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Invisible Norway?

Norway is invisible, says Professor Janne Haaland Matlary. For some sauce.


[17. March 2006] On Wednesday, the so-called "Reputation Committee" presented its report on Norway's position in a globalized world. For two years, the committee, under the leadership of NHO Director Jon Vea, has been working on developing a brand strategy for the country in the north. Committee member Janne Haaland Matlary could therefore, at the end of the work, say to NTB: "The brutal truth is that Norway is almost completely invisible abroad."

Just. Matlary does seem to note the general picture of Norway over the past couple of decades, not specifically to such as the Muhammad caricatures, which have set Norwegian flames in flames in recent weeks. But can the reputation committee really be right in its general analysis that Norway is invisible abroad? Of course not. Just look at the last week's Norway review around the world:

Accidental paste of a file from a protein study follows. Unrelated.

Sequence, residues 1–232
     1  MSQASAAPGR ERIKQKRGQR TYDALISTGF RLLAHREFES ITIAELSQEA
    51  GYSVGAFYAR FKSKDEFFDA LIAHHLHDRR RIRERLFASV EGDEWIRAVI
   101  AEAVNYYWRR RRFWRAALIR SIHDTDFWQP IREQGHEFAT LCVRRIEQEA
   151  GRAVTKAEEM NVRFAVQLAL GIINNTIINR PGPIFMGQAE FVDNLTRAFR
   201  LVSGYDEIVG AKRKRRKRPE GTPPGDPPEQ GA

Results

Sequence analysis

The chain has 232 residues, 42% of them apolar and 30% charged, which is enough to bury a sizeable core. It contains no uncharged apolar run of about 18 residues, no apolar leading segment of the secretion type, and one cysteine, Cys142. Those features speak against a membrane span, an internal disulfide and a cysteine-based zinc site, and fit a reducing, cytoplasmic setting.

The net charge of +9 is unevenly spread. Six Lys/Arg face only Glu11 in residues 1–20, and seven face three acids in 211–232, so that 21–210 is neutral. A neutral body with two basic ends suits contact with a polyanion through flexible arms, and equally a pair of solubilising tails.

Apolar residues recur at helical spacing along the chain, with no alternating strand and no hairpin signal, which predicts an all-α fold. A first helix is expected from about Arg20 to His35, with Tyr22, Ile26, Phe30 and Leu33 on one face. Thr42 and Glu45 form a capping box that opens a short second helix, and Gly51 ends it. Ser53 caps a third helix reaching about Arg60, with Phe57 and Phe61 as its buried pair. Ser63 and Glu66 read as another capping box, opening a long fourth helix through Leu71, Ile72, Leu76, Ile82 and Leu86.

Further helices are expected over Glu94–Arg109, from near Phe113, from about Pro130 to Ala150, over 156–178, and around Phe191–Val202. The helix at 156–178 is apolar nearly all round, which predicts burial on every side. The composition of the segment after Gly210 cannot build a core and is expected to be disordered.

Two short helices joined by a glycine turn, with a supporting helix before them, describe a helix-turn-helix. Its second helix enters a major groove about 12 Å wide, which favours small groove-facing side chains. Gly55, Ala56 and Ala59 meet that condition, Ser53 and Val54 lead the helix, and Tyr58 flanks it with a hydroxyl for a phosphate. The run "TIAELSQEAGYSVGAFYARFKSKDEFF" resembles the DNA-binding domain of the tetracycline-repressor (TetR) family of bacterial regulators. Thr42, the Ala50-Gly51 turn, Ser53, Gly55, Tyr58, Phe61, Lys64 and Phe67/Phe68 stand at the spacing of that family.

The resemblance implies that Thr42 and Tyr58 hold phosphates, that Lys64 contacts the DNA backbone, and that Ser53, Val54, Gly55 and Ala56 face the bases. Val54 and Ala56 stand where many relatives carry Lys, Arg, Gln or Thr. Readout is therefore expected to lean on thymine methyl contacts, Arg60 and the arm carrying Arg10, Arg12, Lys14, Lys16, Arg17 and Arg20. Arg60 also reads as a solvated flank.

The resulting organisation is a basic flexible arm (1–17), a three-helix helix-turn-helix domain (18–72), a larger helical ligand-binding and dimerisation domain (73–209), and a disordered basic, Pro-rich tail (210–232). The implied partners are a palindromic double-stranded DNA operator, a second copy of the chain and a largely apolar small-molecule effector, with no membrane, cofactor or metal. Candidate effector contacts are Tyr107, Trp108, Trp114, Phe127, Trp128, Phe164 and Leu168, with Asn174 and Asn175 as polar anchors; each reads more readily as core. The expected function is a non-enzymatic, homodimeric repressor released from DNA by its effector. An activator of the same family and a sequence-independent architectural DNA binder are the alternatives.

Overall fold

Sri Lanka: The Patriotic National Movement believes it is time to throw Norway away from Sri Lanka, since the "Norwegian conspirators" have made the island their "hunting grounds".

Scotland: Scotland's largest salmon farm, Marine Harvest, is taken over by Norwegian competitor Pan Fish for about NOK 10 billion. Scots fear the Norwegians are shutting down their jobs.

Russia: Nikolai Spassky in the Russian Security Council goes to Svalbard. He will end Norway's self-sufficiency and secure Russia's increased right to economic activity in the important northern regions.

Canada: The Progress Party is Norway's largest party, writes a Canadian Poll Institute, and cites VG.

India: Kerala newspapers say that according to the Norwegian embassy in New Delhi, "there are currently no substitutes in the health care system in Norway". Then that case is resolved, at least towards job-seeking Indian nurses.

Perhaps the problem is that our country is visible in the wrong way. Far more than a selection is needed to improve Norway's reputation in the world. n

Dag Herbjørnsrud
Dag Herbjørnsrud
Former editor of MODERN TIMES. Now head of the Center for Global and Comparative History of Ideas.

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